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Our Lady Queen of Heaven Church

Our Lady Queen of Heaven Church's modern design was made possible in large part by the parish priest, Monsignor Irving DeBlanc, who persuaded his parishioners that a contemporary building would best serve changes in liturgy made by Vatican Council II.

Our Lady Queen of Heaven Church

Our Lady Queen of Heaven Church was built in 1968 for a new Catholic parish in a growing residential neighborhood in Lake Charles. The building’s modern design was made possible in large part by the parish priest, Monsignor Irving DeBlanc, who persuaded his parishioners that a contemporary building would best serve the major changes in liturgy made by Vatican Council II in 1962–1965. To confirm that the design complied with the new liturgy, the architects submitted the plans to artist and liturgical design consultant Frank Kacmarcik of Minnesota.

The church as built was the third design submitted by the architects, Curtis and Davis of New Orleans, and provides a handsome and effective response to the Vatican Council’s recommendations. From the construction materials of brick, wood, and glass to the square plan, flat roof, and continuous open space, the church provides—as project architect Robert Biery said—“a simple objective statement of transparency restrained so as to allow the people to see each other in celebration, rather than the building elements.” Set to the rear of its site, the church is screened from the street first by a grove of pine trees and then by low, white-painted brick walls that define a forecourt, mediating between secular and sacred space. The church embodies transparency. Its lower walls of clear glass allow for a view through the building to the landscaped courtyard on the other side. Greenery, plants, and flowers provide the colorful substitutes for stained glass. The upper exterior walls of stained cedar extend beyond the boundaries of the lower glass walls to shade the interior from the sun. Seating is arranged on three sides facing the altar, and the baptismal font is incorporated into the single interior space that encompasses all aspects of worship. The wood ceiling, low-backed pews, curtains, and carpet—all in muted tones of brown and beige—are meant to serve as a background for the congregants. Both the exterior and interior offer a serene, peaceful environment.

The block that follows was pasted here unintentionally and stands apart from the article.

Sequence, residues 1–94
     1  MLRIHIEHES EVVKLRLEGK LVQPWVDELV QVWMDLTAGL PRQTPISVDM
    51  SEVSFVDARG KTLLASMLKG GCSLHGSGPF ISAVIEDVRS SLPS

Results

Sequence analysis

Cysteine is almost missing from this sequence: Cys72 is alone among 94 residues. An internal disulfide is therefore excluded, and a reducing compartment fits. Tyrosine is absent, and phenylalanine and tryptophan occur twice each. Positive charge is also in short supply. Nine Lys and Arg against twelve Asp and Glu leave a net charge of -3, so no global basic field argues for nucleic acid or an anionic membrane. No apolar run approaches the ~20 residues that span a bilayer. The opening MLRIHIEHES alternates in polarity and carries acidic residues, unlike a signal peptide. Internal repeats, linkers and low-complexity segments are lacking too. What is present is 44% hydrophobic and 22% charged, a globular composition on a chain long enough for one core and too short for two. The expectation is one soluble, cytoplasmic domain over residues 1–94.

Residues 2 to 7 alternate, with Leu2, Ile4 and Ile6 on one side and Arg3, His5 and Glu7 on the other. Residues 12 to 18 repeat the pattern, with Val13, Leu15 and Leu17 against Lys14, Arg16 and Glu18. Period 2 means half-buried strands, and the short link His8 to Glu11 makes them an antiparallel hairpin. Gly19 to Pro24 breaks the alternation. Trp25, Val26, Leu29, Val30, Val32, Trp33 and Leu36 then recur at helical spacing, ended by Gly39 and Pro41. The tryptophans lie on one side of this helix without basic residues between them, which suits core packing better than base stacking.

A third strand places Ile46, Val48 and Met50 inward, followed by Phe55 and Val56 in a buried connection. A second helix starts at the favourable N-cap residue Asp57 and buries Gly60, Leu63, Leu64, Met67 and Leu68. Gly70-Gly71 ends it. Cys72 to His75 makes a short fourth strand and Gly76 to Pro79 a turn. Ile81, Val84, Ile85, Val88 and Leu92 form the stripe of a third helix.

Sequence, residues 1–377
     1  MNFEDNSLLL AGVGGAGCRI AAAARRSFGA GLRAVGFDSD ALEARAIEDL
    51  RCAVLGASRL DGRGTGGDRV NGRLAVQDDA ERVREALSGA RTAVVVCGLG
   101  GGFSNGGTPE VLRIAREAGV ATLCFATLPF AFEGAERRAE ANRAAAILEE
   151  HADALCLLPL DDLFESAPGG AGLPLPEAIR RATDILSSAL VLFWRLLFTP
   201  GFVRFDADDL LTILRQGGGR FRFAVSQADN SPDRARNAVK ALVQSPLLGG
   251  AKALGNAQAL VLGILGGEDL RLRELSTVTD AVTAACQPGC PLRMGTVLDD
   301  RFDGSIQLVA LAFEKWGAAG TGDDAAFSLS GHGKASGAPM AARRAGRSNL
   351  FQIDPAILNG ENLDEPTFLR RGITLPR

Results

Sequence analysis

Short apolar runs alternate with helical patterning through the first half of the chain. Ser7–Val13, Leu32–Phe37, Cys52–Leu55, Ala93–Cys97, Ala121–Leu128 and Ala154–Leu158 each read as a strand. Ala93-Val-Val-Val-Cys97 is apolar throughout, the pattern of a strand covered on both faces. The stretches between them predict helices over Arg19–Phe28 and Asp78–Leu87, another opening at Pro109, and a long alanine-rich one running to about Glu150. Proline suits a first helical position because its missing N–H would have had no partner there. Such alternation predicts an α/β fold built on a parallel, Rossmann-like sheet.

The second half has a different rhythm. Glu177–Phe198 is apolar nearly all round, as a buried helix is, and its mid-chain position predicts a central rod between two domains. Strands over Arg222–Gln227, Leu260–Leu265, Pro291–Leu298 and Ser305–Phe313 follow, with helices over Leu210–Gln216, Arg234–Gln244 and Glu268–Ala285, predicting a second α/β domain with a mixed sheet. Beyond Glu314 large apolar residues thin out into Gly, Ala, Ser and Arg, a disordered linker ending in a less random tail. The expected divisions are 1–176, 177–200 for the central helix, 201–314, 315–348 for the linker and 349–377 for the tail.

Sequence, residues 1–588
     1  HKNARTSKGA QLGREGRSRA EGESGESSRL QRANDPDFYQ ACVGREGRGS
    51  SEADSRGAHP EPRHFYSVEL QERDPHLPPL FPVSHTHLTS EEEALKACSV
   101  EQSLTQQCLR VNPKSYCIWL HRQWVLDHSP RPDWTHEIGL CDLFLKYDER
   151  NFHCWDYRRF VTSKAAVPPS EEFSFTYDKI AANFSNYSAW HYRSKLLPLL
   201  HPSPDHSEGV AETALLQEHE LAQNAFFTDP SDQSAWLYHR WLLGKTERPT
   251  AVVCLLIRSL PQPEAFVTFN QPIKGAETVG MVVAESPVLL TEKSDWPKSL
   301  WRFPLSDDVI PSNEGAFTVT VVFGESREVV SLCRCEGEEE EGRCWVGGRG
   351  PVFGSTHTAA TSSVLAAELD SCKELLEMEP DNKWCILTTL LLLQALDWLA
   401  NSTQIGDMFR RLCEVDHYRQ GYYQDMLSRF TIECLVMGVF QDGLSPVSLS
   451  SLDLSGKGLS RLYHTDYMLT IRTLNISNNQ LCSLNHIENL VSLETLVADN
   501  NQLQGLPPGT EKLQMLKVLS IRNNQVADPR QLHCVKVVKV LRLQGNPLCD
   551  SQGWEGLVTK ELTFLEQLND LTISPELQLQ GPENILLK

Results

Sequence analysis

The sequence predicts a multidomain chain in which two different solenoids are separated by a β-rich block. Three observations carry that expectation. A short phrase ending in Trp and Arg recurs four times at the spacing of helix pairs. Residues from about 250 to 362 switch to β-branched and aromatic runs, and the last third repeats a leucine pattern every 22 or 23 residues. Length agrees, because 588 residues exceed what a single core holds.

Adapted from Karen Kingsley’s Buildings of Louisiana, part of the Buildings of the United States series commissioned by the Society of Architectural Historians (www.sah.org);and published by Oxford University Press.